Dear MS, I liked your post so much that I took the liberty and published it, along with (very) few clarifications to my original post
although i tend to agree with most of your thoughts, i also have to play the devil's advocate,
1) Financials may be finding an artificial floor, but keep in mind that this floor is being set, or sponsored by, as you mentioned, the Fed. Effectively, that means the Fed will be printing money to cover up losses from irresponsible lending practices - which is directly converted into inflation. Inflation means the dollar in your pocket has less purchasing power. Therefore, YOU, and me, and all of the tax payers and USD holders are buying BSC, and eventually LEH, MER, C(?), etc. Well, if you are already buying, indirectly, the financial sector, by simply holding your USD, why do you want to increase your exposure? you ARE already long Financials - so if banks recover, USD recover, and you make $$. Don't double the trades that are losing, but the ones that are winning.. that s one of my first trading rules.
2) Munis: I also like the munies, and although you have been looking into project bonds - which may not be directly affected by the Real Estate burst, municipalities are, by nature, highly correlated to the Real Estate market. So, when buying munies, aside from the tax incentives, you have to have a clear oppinion that the Real Estate prices will not decline more. Sure that, if MTM is not an issue (as you plan to hold it to maturity), then the risk becomes more binary (will they be solvent and pay at the end, or not). Also, if you don't make mark to market of the positions, the pain and suffering from mark losses decreases a lot. The downside is that you may decide to reconsider it when it might be too late!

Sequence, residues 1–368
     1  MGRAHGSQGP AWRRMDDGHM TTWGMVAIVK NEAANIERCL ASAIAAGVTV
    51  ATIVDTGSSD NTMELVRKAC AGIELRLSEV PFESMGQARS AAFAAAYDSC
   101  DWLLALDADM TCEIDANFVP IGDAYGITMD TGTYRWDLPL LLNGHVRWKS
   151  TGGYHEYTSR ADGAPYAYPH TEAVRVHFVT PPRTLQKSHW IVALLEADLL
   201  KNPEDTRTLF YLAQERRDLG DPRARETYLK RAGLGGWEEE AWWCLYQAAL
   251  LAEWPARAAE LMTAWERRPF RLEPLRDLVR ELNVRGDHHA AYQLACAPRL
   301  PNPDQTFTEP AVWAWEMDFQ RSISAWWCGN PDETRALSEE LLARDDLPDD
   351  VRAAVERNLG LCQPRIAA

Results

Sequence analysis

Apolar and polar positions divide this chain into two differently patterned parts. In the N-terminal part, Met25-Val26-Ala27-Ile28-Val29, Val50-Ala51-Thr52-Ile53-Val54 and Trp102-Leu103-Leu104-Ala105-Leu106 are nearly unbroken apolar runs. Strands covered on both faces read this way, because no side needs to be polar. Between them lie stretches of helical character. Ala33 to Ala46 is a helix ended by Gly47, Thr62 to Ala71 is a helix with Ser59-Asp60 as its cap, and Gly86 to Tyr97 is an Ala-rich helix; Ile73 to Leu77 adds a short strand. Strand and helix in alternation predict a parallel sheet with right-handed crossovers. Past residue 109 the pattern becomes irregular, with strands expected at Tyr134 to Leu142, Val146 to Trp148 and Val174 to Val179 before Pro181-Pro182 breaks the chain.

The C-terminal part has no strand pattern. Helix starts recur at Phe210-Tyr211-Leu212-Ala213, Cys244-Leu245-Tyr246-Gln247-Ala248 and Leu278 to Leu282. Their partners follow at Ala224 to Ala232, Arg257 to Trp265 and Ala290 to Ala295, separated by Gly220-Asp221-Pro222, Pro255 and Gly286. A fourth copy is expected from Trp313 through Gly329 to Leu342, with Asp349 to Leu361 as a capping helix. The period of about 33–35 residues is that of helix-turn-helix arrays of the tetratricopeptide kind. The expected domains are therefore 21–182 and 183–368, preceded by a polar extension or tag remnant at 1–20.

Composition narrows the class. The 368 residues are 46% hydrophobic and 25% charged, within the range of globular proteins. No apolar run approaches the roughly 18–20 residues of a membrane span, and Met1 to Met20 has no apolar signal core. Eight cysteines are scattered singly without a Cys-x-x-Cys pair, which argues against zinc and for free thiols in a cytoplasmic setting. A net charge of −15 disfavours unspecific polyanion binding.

Because I agreee with the comment, I should have clarified that I tend to have diversified positions in high-quality revenue bonds. Some examples include Princeton University, NJ Wastewater and the Robert Wood Johnson hospital in Hamilton. I would also never invest in a Bond Fund, which does have to mark to market, potentially producing fluctuations that I have no interest in following. I do however try to somewhat mitigate the inherent inflation risk with somewhat of a ladder, even if I do not like sacrificing too much yield.
3) Hybrids: falls into the same category of 1), and i do have the same thoughts. Altough the Fed intervention makes debt much safer then equity - as we've seen with BSC. However, you may have the coupons cancelled for a while - if they decide not to pay dividends.
4) SP: agree. But also agree that "past performances are no guarantee of future returns". Since i am not traditionally an equities investor, i can't add any valuable thoughts here..
by the way, love the comments on the Bubbles. i guess that summarize really what i think - and how i am invested right now (as i think we are through an economic - not sector - bubble burst). My main concern right now is not to find nice returns, but to maintain wealth.
To finalize, here is a good quiz:
What was the only asset that didn't lose value during the WW2?
a) Real Estate/Land
d) Wine well, let's just say that we tried few of the best examples of the answer the last weekend...
On this very wise quiz, here is a fascinating link featuring Jim Cramer and Gary Vainerchuck... Time to buy Ports?
Have a good one!MS